Longwood project benefits water supply and water quality
MAITLAND – A stormwater holding area in Longwood is undergoing work that will benefit water supply and water quality. The St. Johns River Water Management District contributed $134,710 to the project through its cost-share program.
"Our cost-share program is an incredible tool for supporting community partners who share our focus on providing alternative water supplies and improved water quality," said St. Johns River Water Management District Executive Director Dr. Ann Shortelle. "Projects like this are a testament to the power of collaboration in achieving positive results."
"This is a marquee project that will achieve significant nutrient reduction and water quality improvements for the Wekiva River Basin and be of great benefit to the businesses and residents of the City of Longwood," said Longwood Mayor Joseph Durso. "On behalf of the City, I would like to thank our partners at the State for working collaboratively on this project."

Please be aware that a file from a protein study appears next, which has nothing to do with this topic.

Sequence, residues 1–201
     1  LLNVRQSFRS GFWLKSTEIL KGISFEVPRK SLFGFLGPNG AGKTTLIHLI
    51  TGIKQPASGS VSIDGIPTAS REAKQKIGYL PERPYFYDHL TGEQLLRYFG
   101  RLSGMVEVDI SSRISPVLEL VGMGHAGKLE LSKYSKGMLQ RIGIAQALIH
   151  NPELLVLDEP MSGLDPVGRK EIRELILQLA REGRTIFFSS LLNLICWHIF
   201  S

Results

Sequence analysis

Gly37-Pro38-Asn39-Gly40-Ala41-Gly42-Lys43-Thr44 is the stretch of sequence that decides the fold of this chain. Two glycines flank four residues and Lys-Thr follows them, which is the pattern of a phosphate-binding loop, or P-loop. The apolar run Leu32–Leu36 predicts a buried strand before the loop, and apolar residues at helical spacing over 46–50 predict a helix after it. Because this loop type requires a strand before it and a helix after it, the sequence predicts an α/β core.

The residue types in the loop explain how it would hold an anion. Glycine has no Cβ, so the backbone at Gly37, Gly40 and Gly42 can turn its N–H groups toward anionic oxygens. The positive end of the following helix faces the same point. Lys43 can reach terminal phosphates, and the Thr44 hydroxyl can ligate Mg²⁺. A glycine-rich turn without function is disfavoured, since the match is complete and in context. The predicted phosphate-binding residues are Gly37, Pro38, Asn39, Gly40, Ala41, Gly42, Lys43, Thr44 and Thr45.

The project entails demolition of an outdated wastewater treatment plant, reconstruction of a stormwater pond, and the installation of pumps and piping.
When complete, the project is intended to provide an alternative water supply for irrigation, improve flood protection and contribute to improved water quality. Specific benefits of the work include:
- Reconstruction of a storage pond that will double its size and capture stormwater runoff from an industrial park. Collected stormwater will provide an alternative water supply for irrigation, replacing potable groundwater used to irrigate a nearby city park and hospital.
- Following demolition of a nearby wastewater treatment plant, flows will be redirected to another plant that treats the wastewater to a higher degree of nutrient removal, resulting in improved water quality.
- Protection of spring flows by reducing the demand for surface and groundwater withdrawals within the springshed and the Central Florida Water Initiative area.
The total construction cost is $538,840. Other funding partners are the Florida Department of Environmental Protection ($134,710) and the city of Longwood ($269,420). For more information about the district's cost-share program, visit www.sjrwmd.com/funding.